Researchers from National Institute of Polar Research and the Institute of Statistical Mathematics published maps indicating how the auroral zone has moved over the last three millennia.
Auroras over the Centuries
© National Institute of Polar Research
Reconstructed auroral zone in 2010 AD (left) and 1200 AD (right).
"The Poetic Edda", an Old Norse collection of poems believed to have been most likely drawn up between 1000 and 1100 AD, contains the gods and giants of ancient Scandinavian lore but lacks perhaps the most magical of real phenomena — auroras. A century later, another Old Norse text, called "The King's Mirror", describes auroras over modern-day Greenland. Around the same time, auroras were witnessed across Japan, including written records of red and white curtain-like lights just north of Kyoto.

Why the discrepancy? Researchers set out to better understand the auroral zone and its movement over the last 3,000 years in an effort to predict how it might change in the future. The team published maps indicating how the auroral zone has moved over the last three millennia on Aug. 20 in the Journal of Space Weather and Space Climate.

"The accurate knowledge of the auroral zone over the past 3,000 years — via worldwide old witness record of auroras, including those even from low-latitude Japan — helps us understand the extreme magnetic storms," said first author Ryuho Kataoka, associate professor at the National Institute of Polar Research.

The researchers used the latest models of paleomagnetism, which can estimate Earth's magnetic field in history by examining magnetic evidence contained in rocks, to map the auroral zone. Most auroras occur in a band roughly 20 to 30 degrees from the planet's magnetic poles. The band is an oval, according to Kataoka, that can sporadically expand toward middle-latitude regions, such as Japan, during extreme magnetic storms.

"The auroral zone changes over time, and the deformation and sporadic expansion of the auroral oval are recorded in historical documents over a thousand years from across the world," Kataoka said.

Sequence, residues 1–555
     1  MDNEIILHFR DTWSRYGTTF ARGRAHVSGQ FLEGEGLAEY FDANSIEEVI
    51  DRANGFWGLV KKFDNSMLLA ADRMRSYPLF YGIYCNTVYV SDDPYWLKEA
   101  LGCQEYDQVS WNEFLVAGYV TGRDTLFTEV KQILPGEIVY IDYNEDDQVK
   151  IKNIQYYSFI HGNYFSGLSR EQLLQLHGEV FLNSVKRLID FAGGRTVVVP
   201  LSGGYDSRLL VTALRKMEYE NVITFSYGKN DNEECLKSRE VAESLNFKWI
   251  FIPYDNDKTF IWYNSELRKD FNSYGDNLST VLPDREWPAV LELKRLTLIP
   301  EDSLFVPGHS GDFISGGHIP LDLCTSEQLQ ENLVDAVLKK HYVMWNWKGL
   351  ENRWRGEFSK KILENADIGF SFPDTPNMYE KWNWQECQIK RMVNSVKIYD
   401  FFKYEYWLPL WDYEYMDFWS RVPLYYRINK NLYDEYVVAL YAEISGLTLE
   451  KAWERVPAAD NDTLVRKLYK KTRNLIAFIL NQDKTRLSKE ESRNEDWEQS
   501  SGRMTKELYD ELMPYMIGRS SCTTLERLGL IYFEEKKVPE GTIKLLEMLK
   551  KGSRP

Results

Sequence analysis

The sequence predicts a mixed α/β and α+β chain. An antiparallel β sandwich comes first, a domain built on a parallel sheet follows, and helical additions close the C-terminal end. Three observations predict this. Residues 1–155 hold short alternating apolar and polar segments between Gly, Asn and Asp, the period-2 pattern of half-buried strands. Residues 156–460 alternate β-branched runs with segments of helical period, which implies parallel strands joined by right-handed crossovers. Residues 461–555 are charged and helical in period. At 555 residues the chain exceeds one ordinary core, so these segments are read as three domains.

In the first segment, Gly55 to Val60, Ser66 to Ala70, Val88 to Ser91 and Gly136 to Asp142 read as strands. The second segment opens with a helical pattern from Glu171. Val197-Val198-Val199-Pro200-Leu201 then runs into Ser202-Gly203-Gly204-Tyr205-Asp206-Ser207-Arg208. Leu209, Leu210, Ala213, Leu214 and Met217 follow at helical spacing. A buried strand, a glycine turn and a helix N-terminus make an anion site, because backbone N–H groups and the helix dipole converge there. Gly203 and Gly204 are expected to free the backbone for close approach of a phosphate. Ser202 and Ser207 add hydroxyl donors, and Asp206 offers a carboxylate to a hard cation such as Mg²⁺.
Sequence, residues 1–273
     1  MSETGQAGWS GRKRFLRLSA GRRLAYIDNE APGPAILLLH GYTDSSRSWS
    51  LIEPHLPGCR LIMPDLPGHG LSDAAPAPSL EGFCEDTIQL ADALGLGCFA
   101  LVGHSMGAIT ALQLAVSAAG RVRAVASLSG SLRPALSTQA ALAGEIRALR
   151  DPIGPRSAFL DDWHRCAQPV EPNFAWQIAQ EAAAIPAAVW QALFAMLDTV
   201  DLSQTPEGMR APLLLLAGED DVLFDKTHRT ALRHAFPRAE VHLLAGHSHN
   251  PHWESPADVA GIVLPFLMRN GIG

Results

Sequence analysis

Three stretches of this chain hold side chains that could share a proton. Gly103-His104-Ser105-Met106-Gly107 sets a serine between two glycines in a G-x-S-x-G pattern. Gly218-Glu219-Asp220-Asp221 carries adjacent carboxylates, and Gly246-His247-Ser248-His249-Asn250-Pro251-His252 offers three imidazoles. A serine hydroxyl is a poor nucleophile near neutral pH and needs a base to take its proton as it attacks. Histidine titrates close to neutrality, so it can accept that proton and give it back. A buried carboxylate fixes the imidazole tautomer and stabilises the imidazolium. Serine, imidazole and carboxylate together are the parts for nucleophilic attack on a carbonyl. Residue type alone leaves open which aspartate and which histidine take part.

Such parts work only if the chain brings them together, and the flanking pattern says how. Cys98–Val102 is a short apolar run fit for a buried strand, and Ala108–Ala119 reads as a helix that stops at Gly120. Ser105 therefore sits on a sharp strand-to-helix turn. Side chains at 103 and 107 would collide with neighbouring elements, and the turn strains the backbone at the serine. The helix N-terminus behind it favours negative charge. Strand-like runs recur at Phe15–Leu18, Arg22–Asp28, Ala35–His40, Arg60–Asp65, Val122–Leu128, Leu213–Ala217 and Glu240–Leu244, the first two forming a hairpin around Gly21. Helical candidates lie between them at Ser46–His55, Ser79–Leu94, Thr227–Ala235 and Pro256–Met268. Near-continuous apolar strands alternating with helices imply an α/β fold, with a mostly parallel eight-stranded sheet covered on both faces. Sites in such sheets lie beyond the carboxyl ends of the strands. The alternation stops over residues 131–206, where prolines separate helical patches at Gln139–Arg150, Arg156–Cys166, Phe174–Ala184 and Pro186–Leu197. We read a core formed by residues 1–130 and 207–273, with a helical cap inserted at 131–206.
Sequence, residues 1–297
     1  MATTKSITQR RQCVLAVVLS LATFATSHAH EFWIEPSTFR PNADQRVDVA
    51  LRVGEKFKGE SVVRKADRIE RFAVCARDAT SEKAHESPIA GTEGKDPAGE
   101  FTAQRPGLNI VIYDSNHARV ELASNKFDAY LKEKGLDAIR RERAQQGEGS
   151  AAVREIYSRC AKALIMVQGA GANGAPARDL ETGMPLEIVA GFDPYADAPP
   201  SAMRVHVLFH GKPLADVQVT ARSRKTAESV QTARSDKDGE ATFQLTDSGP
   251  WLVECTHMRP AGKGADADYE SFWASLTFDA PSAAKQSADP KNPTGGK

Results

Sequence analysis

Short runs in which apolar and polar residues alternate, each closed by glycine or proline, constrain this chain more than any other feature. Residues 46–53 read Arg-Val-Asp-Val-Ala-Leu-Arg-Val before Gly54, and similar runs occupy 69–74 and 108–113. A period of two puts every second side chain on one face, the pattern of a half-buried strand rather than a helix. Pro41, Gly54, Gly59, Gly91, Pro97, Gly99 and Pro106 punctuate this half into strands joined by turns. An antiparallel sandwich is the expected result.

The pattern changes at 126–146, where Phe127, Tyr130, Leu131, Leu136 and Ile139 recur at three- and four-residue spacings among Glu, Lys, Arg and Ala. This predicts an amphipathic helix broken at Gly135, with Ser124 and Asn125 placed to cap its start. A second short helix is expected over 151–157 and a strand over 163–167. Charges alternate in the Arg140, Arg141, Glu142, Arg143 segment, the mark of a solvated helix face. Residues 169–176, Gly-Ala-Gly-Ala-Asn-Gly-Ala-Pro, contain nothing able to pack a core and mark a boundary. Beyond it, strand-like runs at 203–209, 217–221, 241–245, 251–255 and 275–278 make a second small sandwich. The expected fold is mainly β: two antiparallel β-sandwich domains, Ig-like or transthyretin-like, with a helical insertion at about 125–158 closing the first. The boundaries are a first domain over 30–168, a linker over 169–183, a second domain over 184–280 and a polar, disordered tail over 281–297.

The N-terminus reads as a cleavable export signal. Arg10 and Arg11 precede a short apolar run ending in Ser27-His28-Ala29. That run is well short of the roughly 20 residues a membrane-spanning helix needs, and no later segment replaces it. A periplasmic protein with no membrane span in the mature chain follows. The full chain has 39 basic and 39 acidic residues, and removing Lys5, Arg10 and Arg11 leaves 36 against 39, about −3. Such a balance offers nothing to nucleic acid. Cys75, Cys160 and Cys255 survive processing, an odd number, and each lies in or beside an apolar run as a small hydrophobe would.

For example, the map of the auroral zone in the 11th to 12th century indicates a notch up from over Norway, where "The Poetic Edda" originated, but a dip toward Japan at the same time. The next century, the auroral zone started moving away from Japan but settled over Greenland. The historical literature matches the paleomagnetism records, according to Kataoka.

The researchers also found similar consistencies in witness accounts in the United Kingdom during the 18th century, matching how the auroral zone dipped over Europe.
Auroras over the Centuries
© National Institute of Polar Research
Left: Auroral isochasm by Fritz (1881). The compiled documents were from 1700 to 1872 AD.
Right: Reconstructed auroral zone in 1800 AD (black) and possible deformation by a 170-year integration for the time interval between 1700 AD and 1870 AD (red).
"We concluded that the 12th and 18th centuries were excellent periods for Japan and the United Kingdom, respectively, to observe auroras in the last 3,000 years," Kataoka said.

The researchers are now exploring how to use their maps to predict how the auroral zone may behave in the future, to help avoid potentially negative effects on worldwide power grids.

The paper was co-authored by Shin'ya Nakano, associate professor at The Institute of Statistical Mathematics and the Center for Data Assimilation Research and Applications, Joint Support Center for Data Science Research. Both Kataoka and Nakano are also affiliated with the Graduate University for Advanced Studies (SOKENDAI).

Original article:

Journal: Journal of Space Weather and Space Climate
Title: Auroral zone over the last 3000 years
Authors: Ryuho Kataoka (National Institute of Polar Research, Japan) & Shin'ya Nakano (the Institute of Statistical Mathematics, Japan)
DOI: 10.1051/swsc/2021030
Published Online: August 20, 2021